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Conservative management of a transdiaphragmatic fistula
  1. I Gee,
  2. G M Wood
  1. George Eliot Hospital NHS Trust, College Street, Nuneaton, Warwickshire CV10 7DJ, UK
  1. Dr G M Wood email:gordon.wood{at}


Case reports of transdiaphragmatic fistulas connecting subphrenic collections and empyemas are uncommon. We report the rare complication of a fistulous connection between a subphrenic collection and the bronchial tree.

  • transdiaphragmatic fistula
  • subphrenic abscess

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Case report

An 82 year old man was admitted following an episode of coffee ground vomiting. He had experienced a dull ache in the epigastrium for one week and had a history of a duodenal ulcer 20 years previously. He looked pale with a regular pulse of 100 bpm and there was mild epigastric tenderness. His haemoglobin was 123 g/l.

Gastroscopic examination showed a dilated stomach with fluid residue and the pylorus was narrowed to a pinhole; the duodenum could not be seen. He was started on lansoprazole and over the following week his condition stabilised. His haemoglobin fell to 107 g/l but he did not pass melaena.

He then became unwell with a pyrexia of 38°C, was tachypnoeic, and developed coarse crackles in the right lower chest. A diagnosis of right basal pneumonia was made and he was treated with intravenous cefuroxime and clarithromycin. Blood cultures were taken which subsequently grew a coagulase negativeStaphylococcus, thought to be a skin contaminant. His temperature settled and his chest radiograph showed only patchy shadowing at the right base. An abdominal ultrasound scan, requested because of an increase in the serum level of alkaline phosphatase, was normal. His condition improved over the next four weeks and his chest signs and symptoms resolved. He had no further vomiting and was discharged home.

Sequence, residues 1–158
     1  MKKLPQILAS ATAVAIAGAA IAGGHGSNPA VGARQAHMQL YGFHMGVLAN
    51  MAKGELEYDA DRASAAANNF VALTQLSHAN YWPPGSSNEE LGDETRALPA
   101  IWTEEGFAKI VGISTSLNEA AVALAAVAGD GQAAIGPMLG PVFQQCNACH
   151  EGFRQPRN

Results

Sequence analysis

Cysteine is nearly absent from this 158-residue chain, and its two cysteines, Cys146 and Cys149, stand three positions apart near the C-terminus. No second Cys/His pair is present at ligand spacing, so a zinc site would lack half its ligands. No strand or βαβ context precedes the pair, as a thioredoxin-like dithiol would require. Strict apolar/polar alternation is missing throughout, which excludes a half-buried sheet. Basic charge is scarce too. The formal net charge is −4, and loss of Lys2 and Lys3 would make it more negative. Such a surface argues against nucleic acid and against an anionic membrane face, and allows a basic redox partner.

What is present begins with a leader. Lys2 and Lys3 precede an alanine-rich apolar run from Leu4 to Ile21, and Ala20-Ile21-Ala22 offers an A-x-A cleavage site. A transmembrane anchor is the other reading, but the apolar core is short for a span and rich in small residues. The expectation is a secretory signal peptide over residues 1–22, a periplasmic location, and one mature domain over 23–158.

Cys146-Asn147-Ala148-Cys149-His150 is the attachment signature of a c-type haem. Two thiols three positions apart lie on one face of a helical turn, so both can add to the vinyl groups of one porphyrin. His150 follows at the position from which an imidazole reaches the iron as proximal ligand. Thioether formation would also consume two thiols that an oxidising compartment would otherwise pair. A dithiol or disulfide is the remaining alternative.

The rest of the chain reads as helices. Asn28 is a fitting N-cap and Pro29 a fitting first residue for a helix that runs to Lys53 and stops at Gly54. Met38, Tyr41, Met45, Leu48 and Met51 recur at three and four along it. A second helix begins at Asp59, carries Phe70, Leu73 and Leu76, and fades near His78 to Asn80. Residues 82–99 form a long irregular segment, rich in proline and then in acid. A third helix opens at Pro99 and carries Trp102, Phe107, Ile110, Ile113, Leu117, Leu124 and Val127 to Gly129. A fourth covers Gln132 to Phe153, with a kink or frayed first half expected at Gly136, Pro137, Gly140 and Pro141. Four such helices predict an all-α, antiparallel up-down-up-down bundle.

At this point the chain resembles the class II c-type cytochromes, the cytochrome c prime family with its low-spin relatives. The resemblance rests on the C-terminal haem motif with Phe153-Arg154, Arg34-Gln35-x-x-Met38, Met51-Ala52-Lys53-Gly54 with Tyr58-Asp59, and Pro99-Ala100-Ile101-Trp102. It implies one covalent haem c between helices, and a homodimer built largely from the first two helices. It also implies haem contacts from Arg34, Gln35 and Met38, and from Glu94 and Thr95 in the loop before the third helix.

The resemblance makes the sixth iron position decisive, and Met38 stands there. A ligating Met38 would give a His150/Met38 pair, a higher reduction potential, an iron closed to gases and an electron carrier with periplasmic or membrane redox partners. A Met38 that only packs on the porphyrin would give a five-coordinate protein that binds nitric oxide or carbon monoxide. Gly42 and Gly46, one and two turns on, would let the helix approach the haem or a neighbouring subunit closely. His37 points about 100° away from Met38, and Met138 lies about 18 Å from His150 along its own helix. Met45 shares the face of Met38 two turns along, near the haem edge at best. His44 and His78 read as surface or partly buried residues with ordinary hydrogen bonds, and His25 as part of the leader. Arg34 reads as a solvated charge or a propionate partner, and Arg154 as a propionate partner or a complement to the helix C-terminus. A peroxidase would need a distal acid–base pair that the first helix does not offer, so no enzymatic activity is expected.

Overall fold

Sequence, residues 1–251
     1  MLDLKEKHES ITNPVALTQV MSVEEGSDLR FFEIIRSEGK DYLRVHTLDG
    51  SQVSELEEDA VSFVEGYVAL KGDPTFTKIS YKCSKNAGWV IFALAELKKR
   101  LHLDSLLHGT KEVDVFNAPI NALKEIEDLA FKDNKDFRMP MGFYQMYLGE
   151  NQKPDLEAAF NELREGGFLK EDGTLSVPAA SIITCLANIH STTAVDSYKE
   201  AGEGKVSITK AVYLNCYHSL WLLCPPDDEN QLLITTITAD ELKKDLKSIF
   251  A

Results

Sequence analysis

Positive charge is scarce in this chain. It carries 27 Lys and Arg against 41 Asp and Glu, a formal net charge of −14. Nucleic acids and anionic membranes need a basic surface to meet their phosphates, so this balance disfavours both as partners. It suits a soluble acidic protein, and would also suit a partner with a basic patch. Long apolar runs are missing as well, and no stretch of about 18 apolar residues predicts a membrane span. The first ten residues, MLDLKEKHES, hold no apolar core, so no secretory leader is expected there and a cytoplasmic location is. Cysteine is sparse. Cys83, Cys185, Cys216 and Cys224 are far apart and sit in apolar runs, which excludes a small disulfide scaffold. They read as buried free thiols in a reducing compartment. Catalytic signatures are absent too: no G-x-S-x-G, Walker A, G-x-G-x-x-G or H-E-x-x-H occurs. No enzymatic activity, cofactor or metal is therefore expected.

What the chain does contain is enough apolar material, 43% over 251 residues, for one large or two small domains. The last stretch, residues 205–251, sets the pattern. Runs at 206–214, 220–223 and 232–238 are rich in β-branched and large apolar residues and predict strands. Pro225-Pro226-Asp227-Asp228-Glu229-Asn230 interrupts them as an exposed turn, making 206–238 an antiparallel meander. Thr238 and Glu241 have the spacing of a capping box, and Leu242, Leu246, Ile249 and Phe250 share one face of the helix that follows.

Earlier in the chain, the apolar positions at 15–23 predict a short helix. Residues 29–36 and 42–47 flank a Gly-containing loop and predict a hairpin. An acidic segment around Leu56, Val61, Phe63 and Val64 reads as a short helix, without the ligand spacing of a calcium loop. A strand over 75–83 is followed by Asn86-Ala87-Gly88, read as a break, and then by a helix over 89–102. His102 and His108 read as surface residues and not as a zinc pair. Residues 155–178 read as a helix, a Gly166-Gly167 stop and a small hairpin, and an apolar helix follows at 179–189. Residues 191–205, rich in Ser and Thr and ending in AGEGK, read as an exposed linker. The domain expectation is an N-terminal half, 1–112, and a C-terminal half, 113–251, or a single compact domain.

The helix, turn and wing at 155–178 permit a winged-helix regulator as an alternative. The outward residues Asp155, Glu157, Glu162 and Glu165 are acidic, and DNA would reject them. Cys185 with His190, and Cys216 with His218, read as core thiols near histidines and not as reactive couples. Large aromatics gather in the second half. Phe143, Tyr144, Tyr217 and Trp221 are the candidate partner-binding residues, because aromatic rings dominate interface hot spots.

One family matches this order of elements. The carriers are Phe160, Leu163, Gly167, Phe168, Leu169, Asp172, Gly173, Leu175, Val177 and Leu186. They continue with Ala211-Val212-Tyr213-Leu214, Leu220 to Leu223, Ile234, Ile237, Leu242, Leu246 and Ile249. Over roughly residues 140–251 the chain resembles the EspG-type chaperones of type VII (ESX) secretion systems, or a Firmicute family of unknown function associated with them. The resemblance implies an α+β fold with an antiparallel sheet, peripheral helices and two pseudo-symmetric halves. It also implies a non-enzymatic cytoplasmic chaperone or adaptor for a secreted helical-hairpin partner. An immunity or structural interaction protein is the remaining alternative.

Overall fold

Six weeks later he was re-admitted with a haemoglobin of 59 g/l. He was transfused with six units of blood and discharged home three days later with a haemoglobin of 134 g/l. A barium enema examination was ordered to investigate further the cause of his recurrent anaemia.

Two weeks later he was re-admitted with a one week history of a cough productive of purulent sputum. On examination he was apyrexial, had peripheral oedema, and the right base was dull to percussion and associated with decreased breath sounds. Abdominal examination was normal.

His haemoglobin was 125 g/l, white cell count 6.3 × 109/l, and chest radiography showed cardiac failure with upper lobe venous diversion and bilateral pleural effusions, with a homogenous opacity at the right base which was thought not to be entirely caused by the effusion.

He was started on co-amoxiclav and erythromycin but attempted intercostal aspiration of the pleural fluid was unsuccessful. A barium enema was performed and indicated early diverticular disease in the sigmoid colon and a tiny outpouching at the hepatic flexure with some possible tethering. The significance of this was uncertain but possible causes included the previous perforation of a colonic diverticulum.